Wildlife advocates concerned over planned construction in Roberts Bird Sanctuary

The following article by Ben Johnson was published in the February 13, 2014 issue of the Southwest Journal:

Wildlife advocates concerned over planned construction in Roberts Bird Sanctuary


A shelter at the Roberts Bird Sanctuary
Photo Courtesy of the MPRB

Birdwatchers are not happy with a plan to rehabilitate a 100-year-old sewer line that runs through the Roberts Bird Sanctuary.

The Friends of Roberts Bird Sanctuary (FRBS), an organization created to “protect, preserve and enhance” the 31-acre wildlife refuge just north of Lake Harriet, say several concerns raised during the project’s public engagement process have been ignored, and that they’ve been kept in the dark while the project’s plans were finalized by the Met Council and Park Board.

The concerns were outlined in a letter released by FRBS on Feb. 3: http://forums.e-democracy.org/groups/mpls/messages/topic/7xKfZSh2TP497GOMnmFttr and co-signed by Audubon Minnesota, East Harriet-Farmstead Neighborhood Association and Linden Hills Neighborhood Council.

Cliff Swenson, director of design and project management for the Park Board, says the activists’ opposition stems from simple misunderstandings and that the Park Board has done everything it can to minimize the project’s construction impacts. He also said “there’s never an excuse for a lack of communication with the public” and he has directed staff to create a project page and email list that will be frequently updated throughout construction.

One of the primary concerns FRBS has is that construction is scheduled to begin in September, when many birds rely on the sanctuary as a stopover to rest during the fall migration.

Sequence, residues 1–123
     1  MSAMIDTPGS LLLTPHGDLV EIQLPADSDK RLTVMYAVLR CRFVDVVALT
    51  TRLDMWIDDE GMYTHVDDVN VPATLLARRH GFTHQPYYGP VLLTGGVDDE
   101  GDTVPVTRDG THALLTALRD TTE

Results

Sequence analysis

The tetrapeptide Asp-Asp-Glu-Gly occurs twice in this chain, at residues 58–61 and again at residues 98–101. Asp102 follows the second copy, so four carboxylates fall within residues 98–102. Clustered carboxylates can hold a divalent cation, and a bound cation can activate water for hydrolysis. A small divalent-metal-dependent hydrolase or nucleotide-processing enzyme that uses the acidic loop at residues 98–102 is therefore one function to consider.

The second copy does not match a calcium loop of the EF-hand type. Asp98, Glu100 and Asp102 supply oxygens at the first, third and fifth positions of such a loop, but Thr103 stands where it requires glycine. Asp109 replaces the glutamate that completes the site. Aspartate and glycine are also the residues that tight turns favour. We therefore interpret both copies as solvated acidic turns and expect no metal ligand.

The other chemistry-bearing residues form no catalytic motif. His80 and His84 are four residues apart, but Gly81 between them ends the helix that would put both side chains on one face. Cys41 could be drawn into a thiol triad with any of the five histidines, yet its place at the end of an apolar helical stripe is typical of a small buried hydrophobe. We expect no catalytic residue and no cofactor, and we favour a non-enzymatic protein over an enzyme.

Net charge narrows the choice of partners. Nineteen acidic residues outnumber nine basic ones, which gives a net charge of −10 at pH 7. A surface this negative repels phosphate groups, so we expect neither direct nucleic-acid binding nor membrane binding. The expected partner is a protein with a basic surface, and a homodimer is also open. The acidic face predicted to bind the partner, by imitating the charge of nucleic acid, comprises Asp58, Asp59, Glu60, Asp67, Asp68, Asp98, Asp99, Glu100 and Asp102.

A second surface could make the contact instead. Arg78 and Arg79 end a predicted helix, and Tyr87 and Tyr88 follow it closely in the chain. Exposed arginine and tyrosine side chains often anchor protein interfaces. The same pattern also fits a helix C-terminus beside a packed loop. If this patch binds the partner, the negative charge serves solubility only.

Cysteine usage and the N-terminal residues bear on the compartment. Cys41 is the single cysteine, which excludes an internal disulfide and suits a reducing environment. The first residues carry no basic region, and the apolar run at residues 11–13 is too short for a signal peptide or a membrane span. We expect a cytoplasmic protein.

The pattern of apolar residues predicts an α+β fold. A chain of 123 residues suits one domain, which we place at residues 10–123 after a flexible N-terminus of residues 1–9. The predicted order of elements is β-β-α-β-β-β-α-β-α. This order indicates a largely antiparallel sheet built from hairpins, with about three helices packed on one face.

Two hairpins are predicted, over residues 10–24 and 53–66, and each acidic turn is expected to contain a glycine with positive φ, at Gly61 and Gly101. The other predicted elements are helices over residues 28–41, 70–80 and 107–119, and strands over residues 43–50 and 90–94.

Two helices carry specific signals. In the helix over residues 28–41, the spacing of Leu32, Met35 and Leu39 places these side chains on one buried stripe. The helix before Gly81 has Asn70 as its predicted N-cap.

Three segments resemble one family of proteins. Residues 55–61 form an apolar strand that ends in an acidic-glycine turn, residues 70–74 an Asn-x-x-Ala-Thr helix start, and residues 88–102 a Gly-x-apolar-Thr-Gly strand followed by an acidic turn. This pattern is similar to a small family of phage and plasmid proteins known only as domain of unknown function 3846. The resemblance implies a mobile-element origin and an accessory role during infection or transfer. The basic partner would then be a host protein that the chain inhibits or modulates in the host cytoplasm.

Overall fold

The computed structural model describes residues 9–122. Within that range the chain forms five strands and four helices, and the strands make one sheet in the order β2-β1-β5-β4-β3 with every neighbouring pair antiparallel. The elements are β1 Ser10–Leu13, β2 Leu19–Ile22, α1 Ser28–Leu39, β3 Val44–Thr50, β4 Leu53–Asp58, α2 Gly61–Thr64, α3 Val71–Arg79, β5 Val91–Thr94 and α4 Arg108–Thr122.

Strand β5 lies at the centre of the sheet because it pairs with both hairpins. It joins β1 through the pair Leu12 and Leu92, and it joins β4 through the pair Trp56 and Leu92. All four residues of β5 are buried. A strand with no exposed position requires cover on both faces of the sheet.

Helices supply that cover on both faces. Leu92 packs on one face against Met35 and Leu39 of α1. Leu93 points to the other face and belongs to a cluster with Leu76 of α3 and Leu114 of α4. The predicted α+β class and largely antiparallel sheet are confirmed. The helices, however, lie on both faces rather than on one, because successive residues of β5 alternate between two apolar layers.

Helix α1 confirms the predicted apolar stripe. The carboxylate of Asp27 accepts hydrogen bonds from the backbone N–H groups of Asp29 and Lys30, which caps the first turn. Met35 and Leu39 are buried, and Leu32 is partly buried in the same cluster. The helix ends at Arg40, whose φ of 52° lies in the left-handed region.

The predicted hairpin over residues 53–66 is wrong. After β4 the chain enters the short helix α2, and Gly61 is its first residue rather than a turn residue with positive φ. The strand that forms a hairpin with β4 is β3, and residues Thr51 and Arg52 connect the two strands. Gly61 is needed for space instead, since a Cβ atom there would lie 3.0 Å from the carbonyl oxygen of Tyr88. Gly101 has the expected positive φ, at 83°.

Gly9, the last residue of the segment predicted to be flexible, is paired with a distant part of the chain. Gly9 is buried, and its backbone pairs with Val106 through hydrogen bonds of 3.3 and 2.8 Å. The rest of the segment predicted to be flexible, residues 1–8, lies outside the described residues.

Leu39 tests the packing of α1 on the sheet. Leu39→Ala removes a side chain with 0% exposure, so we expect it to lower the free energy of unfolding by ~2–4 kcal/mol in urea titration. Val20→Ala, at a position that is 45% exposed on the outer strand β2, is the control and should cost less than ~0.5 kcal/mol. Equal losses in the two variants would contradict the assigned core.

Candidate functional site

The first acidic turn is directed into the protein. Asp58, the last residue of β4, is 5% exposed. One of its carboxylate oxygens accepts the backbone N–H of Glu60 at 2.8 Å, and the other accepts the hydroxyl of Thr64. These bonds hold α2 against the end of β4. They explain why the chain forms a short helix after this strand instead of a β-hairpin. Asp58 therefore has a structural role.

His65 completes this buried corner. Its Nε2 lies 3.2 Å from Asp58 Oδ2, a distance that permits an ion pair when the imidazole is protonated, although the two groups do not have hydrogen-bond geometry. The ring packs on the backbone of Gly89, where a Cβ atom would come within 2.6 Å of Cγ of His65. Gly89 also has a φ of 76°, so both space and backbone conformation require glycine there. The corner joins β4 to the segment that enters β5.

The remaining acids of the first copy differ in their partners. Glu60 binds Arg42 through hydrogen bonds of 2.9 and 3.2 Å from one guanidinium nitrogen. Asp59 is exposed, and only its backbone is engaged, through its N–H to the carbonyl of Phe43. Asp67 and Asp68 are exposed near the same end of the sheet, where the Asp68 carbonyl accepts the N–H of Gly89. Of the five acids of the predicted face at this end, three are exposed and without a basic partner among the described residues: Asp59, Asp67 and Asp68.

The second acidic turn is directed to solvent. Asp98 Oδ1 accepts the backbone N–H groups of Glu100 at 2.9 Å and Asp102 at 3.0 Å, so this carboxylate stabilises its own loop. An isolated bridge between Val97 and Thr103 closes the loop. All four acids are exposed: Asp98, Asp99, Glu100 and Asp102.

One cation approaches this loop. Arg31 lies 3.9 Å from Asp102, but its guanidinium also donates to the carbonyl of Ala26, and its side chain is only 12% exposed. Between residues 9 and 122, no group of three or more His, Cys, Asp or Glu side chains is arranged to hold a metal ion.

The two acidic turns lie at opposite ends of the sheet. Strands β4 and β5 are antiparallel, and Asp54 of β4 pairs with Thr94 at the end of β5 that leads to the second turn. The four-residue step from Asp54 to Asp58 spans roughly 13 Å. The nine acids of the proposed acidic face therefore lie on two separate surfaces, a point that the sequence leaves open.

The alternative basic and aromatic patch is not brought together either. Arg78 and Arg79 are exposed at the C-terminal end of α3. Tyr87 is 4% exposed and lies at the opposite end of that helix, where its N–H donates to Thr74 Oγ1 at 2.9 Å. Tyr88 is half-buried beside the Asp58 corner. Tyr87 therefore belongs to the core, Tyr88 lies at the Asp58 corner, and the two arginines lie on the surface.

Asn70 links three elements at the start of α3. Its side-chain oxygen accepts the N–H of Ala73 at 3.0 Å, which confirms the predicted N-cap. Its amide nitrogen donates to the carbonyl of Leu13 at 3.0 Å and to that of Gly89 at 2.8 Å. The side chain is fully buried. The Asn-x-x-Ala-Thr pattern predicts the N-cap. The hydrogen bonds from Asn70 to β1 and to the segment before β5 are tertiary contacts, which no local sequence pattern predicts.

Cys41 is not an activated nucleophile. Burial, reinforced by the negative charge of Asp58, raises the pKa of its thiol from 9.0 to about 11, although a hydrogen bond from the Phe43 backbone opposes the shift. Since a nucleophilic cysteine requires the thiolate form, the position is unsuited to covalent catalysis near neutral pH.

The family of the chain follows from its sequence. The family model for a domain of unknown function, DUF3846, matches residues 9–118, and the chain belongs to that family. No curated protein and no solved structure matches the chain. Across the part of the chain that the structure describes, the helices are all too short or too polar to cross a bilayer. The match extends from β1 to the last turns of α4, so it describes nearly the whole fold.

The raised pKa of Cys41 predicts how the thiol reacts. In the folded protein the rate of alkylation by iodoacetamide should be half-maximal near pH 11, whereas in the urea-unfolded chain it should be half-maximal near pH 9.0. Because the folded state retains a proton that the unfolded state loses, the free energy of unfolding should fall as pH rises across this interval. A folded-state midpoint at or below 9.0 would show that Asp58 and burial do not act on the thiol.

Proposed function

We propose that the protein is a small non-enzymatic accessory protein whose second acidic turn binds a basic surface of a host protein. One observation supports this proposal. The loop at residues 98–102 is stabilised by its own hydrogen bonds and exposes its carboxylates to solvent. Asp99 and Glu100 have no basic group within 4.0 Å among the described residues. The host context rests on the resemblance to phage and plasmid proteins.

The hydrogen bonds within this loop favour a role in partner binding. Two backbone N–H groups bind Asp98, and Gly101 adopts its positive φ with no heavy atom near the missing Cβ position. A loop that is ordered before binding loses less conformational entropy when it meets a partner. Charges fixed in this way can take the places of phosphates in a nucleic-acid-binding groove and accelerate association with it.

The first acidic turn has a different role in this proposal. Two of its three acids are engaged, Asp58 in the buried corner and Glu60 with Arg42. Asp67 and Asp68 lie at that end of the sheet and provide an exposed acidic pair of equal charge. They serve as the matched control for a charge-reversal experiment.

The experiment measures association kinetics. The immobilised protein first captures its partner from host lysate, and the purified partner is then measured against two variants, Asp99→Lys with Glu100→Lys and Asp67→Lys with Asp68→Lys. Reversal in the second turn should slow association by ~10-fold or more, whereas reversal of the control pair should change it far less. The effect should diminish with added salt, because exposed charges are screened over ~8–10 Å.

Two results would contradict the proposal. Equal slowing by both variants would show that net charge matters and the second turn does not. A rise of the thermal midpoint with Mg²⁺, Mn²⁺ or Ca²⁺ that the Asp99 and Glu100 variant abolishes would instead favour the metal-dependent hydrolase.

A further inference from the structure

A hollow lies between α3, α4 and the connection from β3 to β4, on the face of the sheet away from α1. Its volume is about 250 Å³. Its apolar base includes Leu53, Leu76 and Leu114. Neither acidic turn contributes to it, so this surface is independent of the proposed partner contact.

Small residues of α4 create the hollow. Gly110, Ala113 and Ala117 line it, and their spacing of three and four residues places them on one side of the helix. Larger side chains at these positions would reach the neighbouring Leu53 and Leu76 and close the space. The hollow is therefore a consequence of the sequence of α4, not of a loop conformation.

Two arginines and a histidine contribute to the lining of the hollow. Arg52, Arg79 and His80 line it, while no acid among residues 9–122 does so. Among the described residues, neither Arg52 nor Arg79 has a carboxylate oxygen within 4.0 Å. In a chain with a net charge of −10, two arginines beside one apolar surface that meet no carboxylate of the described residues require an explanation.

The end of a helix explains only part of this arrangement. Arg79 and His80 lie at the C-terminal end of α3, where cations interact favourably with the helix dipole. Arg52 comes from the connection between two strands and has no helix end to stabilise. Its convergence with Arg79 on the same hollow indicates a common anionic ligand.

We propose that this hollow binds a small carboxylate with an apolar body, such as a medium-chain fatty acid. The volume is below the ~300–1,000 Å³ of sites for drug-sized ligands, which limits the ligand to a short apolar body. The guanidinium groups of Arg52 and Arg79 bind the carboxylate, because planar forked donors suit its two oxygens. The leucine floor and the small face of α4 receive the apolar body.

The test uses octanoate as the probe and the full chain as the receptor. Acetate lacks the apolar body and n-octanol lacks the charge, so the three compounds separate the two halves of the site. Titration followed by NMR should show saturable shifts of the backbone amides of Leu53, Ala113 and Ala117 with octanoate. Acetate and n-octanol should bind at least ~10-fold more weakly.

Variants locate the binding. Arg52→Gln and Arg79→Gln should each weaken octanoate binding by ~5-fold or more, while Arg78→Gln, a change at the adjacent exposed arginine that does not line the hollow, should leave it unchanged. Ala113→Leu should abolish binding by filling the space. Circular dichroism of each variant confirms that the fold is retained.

“When the meetings were held last year [Met Council and the Park Board] said they were going to do everything they could to avoid the spring and fall migrations,” said Matt Johnson, president of FRBS. Construction is scheduled to finish in December, and reforestation of the affected areas will occur the following spring.

Swenson says he relied on the opinion of Larry Gillette, an independent wildlife biologist: http://www.startribune.com/local/west/119974684.html the Met Council hired to consult on the project, to develop a construction timeframe.

“[Gillette] told us from September through the winter season the impact to migrating birds would be at its lowest. We took that information and made sure the Met Council put that into the construction documents,” said Swenson, who also noted that shifting the construction timeframe away from the fall could affect birds’ nesting and breeding seasons.

Another major concern FRBS raised is that the Park Board has granted Met Council (and ultimately the contractor Met Council hired for the project) a construction easement that ranges up to 50 feet wide in some spots. That surprised and upset Johnson, who was told that the construction impact would only be 10–15 feet wide during the community engagement process.

Swenson says the easement is a maximum only intended to be fully used in the event of a catastrophic incident, and he anticipates an 8- to 10-foot construction impact.

“Even though in some places there is a 50-foot temporary easement, the contractor has to just get enough room to get their vehicles in safely and be able to maneuver around each manhole.

It’s extra money for that contractor to come in and clear that whole zone, so they’re going to minimize that whole impact to save money,” he said.

The Met Council owns the 3.5-mile section of sanitary sewer being rehabilitated and will pay for all construction costs and reforestation. The project starts near France Avenue in the west, cuts between Lake Calhoun and Lake Harriet, edges around Lakewood Cemetery and ends on 36th Street on the east side of Lake Calhoun.

At this point it is unclear whether the bird sanctuary will be closed during the construction.